Nursing Rehab – Communities licensed to provide health care and services involved in managing complex and potentially serious medical problems.
Home Care – Includes providers of licensed health care services in the home and companies that provide non-medical assistance with such tasks as bathing, dressing, meal preparation and transportation.
Sitter Service – Services of sitters, aides, or private duty nurses or therapists in the home, hospital or residential center. May include personal care assistance, grooming, medication, supervision, light housekeeping, transportation, nursing care or therapy.
Day Care – Various programs provide a range of geriatric day services, including social, nutrition, nursing and rehab.
Hospice – Hospice care may be provided in the home or a senior care community. Services can included pain management and a variety of emotional, spiritual and physical support.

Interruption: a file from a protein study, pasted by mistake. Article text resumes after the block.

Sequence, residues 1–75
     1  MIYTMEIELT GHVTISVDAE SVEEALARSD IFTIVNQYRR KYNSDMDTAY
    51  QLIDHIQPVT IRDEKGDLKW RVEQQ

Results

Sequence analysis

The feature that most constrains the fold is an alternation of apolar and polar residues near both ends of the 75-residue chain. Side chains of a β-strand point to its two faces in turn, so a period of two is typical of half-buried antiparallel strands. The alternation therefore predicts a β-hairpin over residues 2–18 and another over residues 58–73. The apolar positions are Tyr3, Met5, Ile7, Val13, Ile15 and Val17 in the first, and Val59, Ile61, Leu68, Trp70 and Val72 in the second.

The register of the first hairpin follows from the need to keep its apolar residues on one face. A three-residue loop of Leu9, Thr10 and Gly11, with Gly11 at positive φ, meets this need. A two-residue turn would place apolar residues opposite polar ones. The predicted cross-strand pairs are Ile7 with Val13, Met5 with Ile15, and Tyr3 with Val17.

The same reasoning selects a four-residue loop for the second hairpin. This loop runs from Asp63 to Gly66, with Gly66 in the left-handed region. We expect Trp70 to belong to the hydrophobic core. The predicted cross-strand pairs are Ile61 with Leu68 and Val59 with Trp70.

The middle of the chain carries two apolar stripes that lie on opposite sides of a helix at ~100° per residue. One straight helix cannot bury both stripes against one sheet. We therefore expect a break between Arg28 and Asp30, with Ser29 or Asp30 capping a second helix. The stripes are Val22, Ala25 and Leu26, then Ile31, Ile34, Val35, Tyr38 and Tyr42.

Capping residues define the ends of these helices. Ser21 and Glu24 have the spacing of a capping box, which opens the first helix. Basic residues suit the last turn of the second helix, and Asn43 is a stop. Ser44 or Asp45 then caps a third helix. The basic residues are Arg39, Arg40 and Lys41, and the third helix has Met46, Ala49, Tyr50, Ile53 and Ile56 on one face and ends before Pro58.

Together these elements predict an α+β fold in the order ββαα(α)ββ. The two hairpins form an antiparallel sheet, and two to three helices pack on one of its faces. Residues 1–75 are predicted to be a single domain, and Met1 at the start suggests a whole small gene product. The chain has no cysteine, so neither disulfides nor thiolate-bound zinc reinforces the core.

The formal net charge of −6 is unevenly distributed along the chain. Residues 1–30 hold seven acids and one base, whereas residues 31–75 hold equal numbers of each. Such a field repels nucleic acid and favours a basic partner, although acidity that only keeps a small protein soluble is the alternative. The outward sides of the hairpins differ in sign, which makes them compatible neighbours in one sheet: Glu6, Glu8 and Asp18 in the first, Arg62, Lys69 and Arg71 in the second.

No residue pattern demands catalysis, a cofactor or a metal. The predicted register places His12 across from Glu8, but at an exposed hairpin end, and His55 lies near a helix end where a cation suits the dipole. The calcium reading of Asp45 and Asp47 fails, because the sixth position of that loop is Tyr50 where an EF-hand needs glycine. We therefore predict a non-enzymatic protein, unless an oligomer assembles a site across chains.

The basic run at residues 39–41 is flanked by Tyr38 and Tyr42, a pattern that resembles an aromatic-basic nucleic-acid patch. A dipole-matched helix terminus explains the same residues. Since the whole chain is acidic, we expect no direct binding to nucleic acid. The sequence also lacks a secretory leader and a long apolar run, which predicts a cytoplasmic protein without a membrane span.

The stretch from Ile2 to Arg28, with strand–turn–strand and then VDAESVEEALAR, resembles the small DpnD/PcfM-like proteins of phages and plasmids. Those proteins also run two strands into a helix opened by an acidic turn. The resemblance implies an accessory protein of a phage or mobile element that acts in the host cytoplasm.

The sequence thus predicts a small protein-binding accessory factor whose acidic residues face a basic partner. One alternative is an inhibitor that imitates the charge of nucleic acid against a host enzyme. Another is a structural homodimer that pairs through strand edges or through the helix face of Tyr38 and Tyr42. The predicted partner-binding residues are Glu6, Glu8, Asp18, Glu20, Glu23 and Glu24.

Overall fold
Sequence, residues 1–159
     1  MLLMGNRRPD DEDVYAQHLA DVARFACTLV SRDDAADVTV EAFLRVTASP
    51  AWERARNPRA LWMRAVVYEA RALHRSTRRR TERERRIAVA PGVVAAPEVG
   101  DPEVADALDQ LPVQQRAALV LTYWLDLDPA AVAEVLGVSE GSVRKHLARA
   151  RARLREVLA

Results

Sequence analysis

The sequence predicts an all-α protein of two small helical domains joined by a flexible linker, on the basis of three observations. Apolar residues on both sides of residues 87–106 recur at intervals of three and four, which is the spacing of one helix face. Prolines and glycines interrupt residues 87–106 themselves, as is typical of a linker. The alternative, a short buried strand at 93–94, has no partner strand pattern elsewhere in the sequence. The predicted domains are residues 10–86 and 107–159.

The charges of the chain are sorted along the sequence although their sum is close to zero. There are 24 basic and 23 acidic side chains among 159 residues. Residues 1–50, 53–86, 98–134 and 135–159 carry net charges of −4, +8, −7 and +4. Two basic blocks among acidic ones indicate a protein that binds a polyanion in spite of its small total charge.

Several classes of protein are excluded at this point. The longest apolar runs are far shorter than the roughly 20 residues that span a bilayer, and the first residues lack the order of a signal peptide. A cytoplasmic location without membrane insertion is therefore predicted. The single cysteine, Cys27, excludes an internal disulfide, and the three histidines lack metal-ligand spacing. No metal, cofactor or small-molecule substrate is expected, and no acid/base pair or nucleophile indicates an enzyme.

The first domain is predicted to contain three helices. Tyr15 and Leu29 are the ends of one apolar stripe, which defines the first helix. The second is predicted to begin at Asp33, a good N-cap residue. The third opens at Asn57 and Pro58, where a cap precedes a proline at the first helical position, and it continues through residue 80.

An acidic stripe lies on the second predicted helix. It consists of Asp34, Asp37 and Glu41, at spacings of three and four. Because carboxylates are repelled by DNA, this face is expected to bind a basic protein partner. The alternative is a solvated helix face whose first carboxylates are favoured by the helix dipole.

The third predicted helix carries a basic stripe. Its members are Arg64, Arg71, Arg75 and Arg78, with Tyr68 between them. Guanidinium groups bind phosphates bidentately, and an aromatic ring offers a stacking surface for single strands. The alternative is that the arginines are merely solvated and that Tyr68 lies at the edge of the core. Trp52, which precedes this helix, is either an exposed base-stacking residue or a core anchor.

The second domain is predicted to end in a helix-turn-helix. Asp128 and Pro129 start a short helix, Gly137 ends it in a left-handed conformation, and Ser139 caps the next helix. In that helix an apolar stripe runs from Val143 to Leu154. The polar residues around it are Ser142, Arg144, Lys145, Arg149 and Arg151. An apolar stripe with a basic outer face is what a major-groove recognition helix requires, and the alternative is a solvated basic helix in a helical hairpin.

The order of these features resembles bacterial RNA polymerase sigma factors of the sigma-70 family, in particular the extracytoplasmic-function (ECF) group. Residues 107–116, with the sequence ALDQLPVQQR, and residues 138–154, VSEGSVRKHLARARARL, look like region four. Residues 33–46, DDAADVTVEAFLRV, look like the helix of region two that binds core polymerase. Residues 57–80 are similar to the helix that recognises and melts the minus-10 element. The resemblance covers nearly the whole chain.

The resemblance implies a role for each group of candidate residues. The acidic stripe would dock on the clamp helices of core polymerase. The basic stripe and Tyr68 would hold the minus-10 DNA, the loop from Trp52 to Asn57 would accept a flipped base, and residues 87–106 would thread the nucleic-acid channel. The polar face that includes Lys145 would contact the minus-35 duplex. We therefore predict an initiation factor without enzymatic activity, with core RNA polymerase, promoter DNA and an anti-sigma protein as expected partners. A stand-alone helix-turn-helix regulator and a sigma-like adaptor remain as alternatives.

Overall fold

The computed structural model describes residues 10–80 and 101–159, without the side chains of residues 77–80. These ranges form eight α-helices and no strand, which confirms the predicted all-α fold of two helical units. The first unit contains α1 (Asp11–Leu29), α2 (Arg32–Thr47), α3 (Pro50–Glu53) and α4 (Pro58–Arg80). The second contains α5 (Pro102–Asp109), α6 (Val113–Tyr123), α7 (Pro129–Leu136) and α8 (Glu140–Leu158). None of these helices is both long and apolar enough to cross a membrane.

Care Management – Offer advisory services addressing a wide range of senior issues, such as selecting a senior residence, choosing in home care providers and various financial options. Typically care managers evaluate a senior’s situation with regard to health needs, housing choices and financial needs and then provide a recommended care plan activities.
STEP 3. Select Specific Communities
Select the specific type of community or care option closest to your needs. Select some communities that meet your needs. There are many resources available. Here are some helpful internet sites:
Industry Publications – New Lifestyles, Senior Living
Step 4. Visit the Communities
Talk at length with the communities that match your criteria. A phone call is a good start but it is important to visit the communities you are interested in. When calling or visiting a community, the following checklist helps to ensure that you ask the necessary questions, allows you to keep notes, and makes it easier to compare the communities under consideration. Place a check mark in the box to the right if the service or feature applies to that community. The checklist can be used for all type of Senior Living so not all of the categories may apply to your specific situation but it is a helpful tool.